The flow of advice from parents to their children has been explored by developmental psychologists, producing important insights into child development and parent-child relationships (Barber, 1994; Tucker, Barber, & Eccles, 2001; McDowell, Parke, & Wang, 2003). Interestingly, the flow of advice in the opposite direction, from children to their parents, has not received attention from researchers. This study explores (a) the frequency of upward advice transmission and (b) the type of advice (solicited or unsolicited) that is transmitted. In particular, we look at the effects of gender-parent-gender and child-gender, as well as their interaction-on upward advice giving in family systems. Findings indicate a robust effect of parent-gender; adolescents and young adults gave significantly more advice to their mothers than to their fathers. No child-gender effect was found for frequency of upward advice giving; sons and daughters did not significantly differ in the frequency of advice giving to their parents. A trend approaching significance was found for the interaction of parent-gender and child-gender. Significantly more unsolicited advice was given to parents than solicited advice. No three-way interaction was found between child-gender, parent-gender, and type of advice. Implications of these findings for theories of (1) parent-child relationship, (2) individual development, and (3) the development of upward advice transmission in family systems are discussed.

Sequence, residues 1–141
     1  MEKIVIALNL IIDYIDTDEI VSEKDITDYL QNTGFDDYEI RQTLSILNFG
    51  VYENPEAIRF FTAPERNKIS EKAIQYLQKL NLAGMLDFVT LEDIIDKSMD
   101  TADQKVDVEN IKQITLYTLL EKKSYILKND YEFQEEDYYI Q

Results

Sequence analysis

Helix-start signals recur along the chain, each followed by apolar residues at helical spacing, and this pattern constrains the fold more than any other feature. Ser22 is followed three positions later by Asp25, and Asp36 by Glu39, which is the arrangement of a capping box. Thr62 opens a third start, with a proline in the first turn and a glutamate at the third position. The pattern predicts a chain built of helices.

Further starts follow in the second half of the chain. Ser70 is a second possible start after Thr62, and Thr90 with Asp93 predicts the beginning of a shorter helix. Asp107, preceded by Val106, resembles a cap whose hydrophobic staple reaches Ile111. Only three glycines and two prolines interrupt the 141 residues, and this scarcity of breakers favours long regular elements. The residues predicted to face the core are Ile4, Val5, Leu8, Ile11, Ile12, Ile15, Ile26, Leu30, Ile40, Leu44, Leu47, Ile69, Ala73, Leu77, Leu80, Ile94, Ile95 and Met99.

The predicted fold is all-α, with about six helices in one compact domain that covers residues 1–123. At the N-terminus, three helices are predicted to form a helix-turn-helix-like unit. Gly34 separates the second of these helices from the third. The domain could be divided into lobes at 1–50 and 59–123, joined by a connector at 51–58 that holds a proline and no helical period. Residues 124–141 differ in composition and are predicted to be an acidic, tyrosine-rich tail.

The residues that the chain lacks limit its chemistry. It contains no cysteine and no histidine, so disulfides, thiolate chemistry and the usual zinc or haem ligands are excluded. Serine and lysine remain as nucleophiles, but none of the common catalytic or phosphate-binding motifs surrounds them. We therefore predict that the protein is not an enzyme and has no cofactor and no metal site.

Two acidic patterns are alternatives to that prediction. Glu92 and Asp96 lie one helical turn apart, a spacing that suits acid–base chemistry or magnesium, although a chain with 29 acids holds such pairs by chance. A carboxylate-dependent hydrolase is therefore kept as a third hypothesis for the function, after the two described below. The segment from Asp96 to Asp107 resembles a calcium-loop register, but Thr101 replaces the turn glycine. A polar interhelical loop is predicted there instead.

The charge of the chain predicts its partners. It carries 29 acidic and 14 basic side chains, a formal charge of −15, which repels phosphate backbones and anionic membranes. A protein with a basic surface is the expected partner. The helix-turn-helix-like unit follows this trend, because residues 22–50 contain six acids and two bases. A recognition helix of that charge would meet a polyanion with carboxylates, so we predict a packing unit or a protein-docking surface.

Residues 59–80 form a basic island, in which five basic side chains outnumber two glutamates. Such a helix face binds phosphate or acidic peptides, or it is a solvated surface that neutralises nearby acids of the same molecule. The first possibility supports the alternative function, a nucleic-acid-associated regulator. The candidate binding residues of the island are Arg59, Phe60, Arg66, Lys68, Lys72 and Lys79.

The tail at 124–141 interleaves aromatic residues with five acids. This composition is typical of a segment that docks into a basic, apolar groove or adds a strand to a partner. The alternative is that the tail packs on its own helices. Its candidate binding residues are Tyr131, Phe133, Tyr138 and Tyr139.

Poon, Bonnie, and Todd L. Pittinsky. "Upward Advice Transmission in the Family: The Role of Gender in Young Adults Giving Advice to their Parents." KSG Faculty Research Working Paper Series RWP05-012, February 2005.